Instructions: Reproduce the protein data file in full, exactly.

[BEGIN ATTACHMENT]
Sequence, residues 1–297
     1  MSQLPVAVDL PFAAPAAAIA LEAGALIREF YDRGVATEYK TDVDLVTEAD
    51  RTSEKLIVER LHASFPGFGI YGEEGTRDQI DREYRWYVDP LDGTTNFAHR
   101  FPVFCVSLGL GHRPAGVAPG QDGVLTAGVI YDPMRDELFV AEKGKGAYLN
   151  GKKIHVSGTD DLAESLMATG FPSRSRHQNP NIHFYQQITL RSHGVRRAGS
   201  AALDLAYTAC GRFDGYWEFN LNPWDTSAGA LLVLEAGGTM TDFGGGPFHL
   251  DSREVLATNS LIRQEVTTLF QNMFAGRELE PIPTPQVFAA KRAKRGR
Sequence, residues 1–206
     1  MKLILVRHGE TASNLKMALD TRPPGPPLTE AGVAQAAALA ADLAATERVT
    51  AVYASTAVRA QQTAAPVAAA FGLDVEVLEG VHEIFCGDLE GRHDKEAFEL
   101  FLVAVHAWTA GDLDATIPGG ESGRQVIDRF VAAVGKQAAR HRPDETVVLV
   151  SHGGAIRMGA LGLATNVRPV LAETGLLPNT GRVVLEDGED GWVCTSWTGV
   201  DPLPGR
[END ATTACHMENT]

Sequence, residues 1–297
     1  MSQLPVAVDL PFAAPAAAIA LEAGALIREF YDRGVATEYK TDVDLVTEAD
    51  RTSEKLIVER LHASFPGFGI YGEEGTRDQI DREYRWYVDP LDGTTNFAHR
   101  FPVFCVSLGL GHRPAGVAPG QDGVLTAGVI YDPMRDELFV AEKGKGAYLN
   151  GKKIHVSGTD DLAESLMATG FPSRSRHQNP NIHFYQQITL RSHGVRRAGS
   201  AALDLAYTAC GRFDGYWEFN LNPWDTSAGA LLVLEAGGTM TDFGGGPFHL
   251  DSREVLATNS LIRQEVTTLF QNMFAGRELE PIPTPQVFAA KRAKRGR
Sequence, residues 1–206
     1  MKLILVRHGE TASNLKMALD TRPPGPPLTE AGVAQAAALA ADLAATERVT
    51  AVYASTAVRA QQTAAPVAAA FGLDVEVLEG VHEIFCGDLE GRHDKEAFEL
   101  FLVAVHAWTA GDLDATIPGG ESGRQVIDRF VAAVGKQAAR HRPDETVVLV
   151  SHGGAIRMGA LGLATNVRPV LAETGLLPNT GRVVLEDGED GWVCTSWTGV
   201  DPLPGR